In China, with so many more marriageable men than women (approximately 122 men for every 100 women), the husband-hunting female wields a lot of power.
Telling us about the results of a survey of 32,000 people from 2 Chinese research groups, the NY Times explained that the real estate boom in China has divided the young male population into the haves and have-nots. The majority of women surveyed would select men with “deeds.” Yes, the survey indicates that Chinese women care about good morals and personality. But not as much as finance. As a result, 24 million men might remain unmarried during the next decade.
Nobel prize winning economist Gary Becker confirms that marriage is about a lot more than love. Instead, we can best understand marriage by looking at utility functions and marriage markets. People marry because they expect to, “raise their utility level above what it would be were they to remain single.”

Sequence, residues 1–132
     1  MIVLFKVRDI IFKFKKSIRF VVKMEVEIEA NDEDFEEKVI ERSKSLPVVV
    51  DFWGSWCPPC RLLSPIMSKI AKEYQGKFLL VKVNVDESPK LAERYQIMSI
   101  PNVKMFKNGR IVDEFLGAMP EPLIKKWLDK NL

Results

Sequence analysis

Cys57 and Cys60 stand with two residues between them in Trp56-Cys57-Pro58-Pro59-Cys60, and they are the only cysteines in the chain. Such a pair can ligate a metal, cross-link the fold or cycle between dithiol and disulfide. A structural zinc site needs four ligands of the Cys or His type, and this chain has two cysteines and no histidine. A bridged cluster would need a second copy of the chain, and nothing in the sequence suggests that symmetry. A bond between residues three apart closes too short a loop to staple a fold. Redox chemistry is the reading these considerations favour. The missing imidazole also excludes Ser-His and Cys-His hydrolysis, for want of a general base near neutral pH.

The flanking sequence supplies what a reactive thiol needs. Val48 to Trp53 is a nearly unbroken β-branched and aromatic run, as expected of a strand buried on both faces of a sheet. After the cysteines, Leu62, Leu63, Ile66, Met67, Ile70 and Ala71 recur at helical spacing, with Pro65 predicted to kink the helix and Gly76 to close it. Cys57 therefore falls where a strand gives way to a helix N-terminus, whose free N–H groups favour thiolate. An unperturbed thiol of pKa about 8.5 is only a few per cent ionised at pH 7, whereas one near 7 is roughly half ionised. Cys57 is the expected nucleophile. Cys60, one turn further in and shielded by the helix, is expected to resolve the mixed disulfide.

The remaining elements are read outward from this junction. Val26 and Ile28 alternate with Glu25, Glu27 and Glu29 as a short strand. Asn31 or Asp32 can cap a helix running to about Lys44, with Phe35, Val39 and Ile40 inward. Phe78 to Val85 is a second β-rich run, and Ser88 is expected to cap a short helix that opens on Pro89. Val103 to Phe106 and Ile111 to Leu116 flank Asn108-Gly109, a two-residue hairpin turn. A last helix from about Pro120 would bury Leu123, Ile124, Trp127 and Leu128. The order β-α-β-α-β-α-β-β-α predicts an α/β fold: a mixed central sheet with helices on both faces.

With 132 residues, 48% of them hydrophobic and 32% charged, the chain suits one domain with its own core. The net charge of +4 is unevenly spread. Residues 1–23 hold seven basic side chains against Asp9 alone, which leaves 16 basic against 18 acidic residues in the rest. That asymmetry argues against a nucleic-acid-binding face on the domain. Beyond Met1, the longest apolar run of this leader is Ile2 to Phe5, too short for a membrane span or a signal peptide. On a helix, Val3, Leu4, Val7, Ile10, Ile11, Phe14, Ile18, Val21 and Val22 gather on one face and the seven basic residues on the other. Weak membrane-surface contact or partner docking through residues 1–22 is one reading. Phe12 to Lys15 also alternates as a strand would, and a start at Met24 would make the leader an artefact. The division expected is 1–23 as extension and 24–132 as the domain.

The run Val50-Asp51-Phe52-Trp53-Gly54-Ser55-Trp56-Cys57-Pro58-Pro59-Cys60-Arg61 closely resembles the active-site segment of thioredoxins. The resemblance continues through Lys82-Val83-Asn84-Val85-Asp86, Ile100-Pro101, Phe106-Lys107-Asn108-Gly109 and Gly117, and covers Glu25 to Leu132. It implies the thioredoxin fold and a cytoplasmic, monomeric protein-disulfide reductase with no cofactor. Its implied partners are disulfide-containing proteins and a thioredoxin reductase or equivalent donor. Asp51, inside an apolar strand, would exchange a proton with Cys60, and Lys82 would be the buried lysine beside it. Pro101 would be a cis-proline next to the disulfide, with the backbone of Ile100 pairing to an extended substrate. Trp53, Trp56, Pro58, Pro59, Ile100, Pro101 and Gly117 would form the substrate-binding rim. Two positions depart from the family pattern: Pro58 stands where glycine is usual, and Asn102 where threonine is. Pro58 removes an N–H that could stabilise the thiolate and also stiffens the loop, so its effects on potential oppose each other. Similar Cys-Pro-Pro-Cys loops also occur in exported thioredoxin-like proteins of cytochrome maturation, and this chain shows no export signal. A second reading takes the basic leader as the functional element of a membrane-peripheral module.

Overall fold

Wearing economic lenses when we look at gender issues, we would see young men and women choosing mates in marriage markets that have demand and supply curves. In China, the demand curve shifted to the right as more men entered the market. By contrast, in the US, when more women started working outside the home, their higher value shifted the supply curve upward. In both countries, the price of brides ascended.
Here is a list of bride prices from a Chinese real estate firm (from Quartz):
Sources and resources: A 2011 article from the NY Times and this recent discussion of bride prices from Quartz (the source of the bride price list above) provide a fascinating picture of Chinese marriages while The Essence of Becker explains the basics of marriage markets (my quote, p, 273). Please note that I have presented some excerpts from a past econlife post.